Monday, June 12, 2006

Reader, Trust Thyself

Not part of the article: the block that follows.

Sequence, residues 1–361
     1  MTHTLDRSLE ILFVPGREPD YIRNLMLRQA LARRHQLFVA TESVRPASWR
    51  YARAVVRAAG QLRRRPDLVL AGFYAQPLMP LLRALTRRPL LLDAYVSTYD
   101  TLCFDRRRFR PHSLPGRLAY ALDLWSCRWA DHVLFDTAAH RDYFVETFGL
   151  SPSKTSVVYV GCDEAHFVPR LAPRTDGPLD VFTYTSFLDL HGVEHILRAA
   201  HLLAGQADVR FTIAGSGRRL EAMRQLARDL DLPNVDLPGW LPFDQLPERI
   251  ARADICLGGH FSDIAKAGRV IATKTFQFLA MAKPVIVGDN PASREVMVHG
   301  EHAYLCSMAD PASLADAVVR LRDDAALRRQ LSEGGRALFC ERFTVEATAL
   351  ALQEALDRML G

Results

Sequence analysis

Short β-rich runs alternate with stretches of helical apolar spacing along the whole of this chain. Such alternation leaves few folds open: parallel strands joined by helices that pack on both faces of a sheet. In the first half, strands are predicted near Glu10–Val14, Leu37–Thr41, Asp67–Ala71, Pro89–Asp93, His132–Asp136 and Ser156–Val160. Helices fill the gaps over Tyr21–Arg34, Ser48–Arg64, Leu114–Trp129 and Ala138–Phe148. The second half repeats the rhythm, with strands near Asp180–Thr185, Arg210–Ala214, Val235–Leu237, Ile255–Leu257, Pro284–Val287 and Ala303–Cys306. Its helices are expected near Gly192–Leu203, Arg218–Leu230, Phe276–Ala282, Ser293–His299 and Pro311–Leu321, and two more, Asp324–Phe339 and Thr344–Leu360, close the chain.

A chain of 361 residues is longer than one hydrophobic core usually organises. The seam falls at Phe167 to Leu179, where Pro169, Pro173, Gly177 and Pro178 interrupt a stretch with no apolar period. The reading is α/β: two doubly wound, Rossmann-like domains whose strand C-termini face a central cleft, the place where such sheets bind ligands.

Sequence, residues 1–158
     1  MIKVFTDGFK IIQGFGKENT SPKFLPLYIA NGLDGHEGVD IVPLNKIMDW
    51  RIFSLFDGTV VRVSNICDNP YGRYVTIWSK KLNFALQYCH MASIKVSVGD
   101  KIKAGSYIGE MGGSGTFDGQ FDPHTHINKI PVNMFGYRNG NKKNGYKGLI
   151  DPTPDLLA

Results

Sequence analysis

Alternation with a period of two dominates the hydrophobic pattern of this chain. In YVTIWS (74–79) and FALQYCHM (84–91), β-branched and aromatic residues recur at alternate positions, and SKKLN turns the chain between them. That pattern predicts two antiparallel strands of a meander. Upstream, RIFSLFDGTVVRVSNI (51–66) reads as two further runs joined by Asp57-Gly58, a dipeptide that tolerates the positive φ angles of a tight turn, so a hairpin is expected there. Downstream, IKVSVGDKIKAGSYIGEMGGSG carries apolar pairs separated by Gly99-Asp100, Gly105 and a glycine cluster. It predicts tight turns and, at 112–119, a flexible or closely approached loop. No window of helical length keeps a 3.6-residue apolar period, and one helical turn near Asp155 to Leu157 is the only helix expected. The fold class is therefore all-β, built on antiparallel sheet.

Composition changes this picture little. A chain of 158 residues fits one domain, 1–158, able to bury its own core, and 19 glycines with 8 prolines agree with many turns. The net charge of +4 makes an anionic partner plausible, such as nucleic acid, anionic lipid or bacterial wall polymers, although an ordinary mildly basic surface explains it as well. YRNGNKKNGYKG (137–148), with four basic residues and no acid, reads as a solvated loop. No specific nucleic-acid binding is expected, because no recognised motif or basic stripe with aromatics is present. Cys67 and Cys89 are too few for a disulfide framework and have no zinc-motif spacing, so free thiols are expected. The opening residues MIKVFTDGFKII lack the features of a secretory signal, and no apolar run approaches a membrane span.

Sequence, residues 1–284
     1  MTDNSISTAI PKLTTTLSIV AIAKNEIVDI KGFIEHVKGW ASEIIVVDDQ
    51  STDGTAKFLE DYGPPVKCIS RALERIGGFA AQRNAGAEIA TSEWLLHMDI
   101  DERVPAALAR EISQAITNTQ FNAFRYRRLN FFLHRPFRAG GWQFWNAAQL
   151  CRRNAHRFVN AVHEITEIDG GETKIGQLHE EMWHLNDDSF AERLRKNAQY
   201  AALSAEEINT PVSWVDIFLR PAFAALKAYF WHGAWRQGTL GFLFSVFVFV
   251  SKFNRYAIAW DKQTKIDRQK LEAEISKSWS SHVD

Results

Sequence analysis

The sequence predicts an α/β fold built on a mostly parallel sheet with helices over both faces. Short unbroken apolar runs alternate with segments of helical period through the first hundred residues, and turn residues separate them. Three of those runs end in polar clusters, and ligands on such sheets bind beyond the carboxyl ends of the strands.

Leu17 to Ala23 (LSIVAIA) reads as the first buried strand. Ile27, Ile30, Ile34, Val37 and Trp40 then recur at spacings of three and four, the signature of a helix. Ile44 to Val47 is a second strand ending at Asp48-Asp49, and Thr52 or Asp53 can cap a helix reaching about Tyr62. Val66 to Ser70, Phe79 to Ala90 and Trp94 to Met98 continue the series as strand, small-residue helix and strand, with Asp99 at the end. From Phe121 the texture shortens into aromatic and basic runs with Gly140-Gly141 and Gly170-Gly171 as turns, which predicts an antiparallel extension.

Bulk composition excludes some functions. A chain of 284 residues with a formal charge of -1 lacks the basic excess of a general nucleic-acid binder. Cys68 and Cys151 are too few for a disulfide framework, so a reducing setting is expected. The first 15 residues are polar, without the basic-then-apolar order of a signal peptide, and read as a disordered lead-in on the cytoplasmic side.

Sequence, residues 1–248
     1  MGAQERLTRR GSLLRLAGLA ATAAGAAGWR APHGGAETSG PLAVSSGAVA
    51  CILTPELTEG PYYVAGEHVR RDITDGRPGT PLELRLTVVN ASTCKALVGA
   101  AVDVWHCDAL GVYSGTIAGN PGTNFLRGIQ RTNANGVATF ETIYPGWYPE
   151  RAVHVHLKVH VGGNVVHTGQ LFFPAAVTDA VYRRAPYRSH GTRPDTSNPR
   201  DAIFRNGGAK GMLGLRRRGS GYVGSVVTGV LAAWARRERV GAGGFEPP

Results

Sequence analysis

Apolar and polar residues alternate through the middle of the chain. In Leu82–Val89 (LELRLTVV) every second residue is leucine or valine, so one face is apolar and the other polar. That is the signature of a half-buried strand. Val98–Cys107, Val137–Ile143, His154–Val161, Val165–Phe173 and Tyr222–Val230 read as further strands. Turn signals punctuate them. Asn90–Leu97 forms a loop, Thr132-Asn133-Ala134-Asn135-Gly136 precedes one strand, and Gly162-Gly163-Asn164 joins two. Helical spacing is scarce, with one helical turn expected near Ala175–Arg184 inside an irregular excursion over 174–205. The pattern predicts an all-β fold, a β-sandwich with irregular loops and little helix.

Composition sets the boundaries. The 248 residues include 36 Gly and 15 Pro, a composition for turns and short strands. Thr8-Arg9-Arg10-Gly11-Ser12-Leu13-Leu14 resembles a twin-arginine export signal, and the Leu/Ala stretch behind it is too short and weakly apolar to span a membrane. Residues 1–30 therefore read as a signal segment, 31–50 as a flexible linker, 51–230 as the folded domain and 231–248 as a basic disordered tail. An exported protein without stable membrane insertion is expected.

There are several interesting things about A Reader's Manifesto by B.R. Myers, not least of which is the Northwest Airlines boarding pass from Minneapolis to Madison, Wisconsin the previous owner of the book left at page 96. There are 134 pages in the book. Did she (Miss Karin Larson according to the ticket) finish the book? Or did she stop there in 2002, put the book on her shelf and finally decide to rid herself of it recently? The history of a used book is almost as interesting as the book itself sometimes. But that is a post for another date. Today it's what's in the book that matters. A Reader's Manifesto has a history behind it that includes self-publication, then severe cutting to become an Atlantic essay, and finally reinstatement to full length with a response to the critics added published by the fantastic Melville House Press. The book is a cry for readers to take charge. Don't swallow whole what the critics say. Think for yourself. If you don't like a book the critics tell you you should like, don't blame yourself, it's probably the critics who have it wrong. If you were bored, like Myers was (and me too) by Snow Falling on Cedars it isn't your fault. If you think that sometimes Don DeLillo (haven't read him) doesn't make sense, it's probably not your fault either. Myers insists that the cultural elite have it in for us, that what they want us to believe is "if our writers make no sense, or bore us to tears, that can only mean that we aren't worthy of them." Myers is here to say the truth is, they aren't worthy of us. How he goes about it is rather over the top. He singles out for a lashing the prose of Annie Proulx, Don Delillo, Cormac McCarthy, Paul Auster, and David Guterson. He tries to stick with examples of the author's prose that have been quoted in book reviews as praiseworthy and show how it isn't very good at all. He rails against what he considers bad prose style, particularly what he calls the slide-show (clipped pieces of action strung together), the shopping list, the andelope (using and to string together phrases into very long sentences), and the chant ("a concatenation of uninspired phrases set to an elegiac cadence"). He tends to focus on these to the exclusion of anything else so that sometimes I wondered if that was all that was wrong it wasn't really that bad. I think what Myers is most upset about is not the writing but the critics who praise bad writing and call it things like "transcendent" and "the best ever." It's like Myers sees critics (and he picks out many of them by name) as a pit of vipers and he can't help but poke at them and get them all stirred up. The inclusion of a response to the critics is highly amusing. He criticizes them for their personal attacks against him (he was living in New Mexico at the time and one critic said because of where he lived he couldn't possibly know anything about literature!). He accuses them of not providing any real counter-argument to prove him wrong. And he crows when a few critics admit that he might be a little right. Annoying? Certainly. Entertaining? You betcha. In all the whoop-te-do the original point gets lost, but Myers tries to bring it back around in the end by encouraging readers to trust themselves and trust their response to what they read. And on this he is right. All too often we bow to "expert opinion." But really, who is more of an expert about what you read than you are? We don't have to like every book and we certainly don't have to feel guilty about not liking a book that is supposed to be a masterpiece. It has taken me a long time to get to a place where I can give up that guilt. It's a good place. There are far too many books to read and enjoy to be bothered by the ones I didn't like. Trust your reading instincts. They won't lead you astray.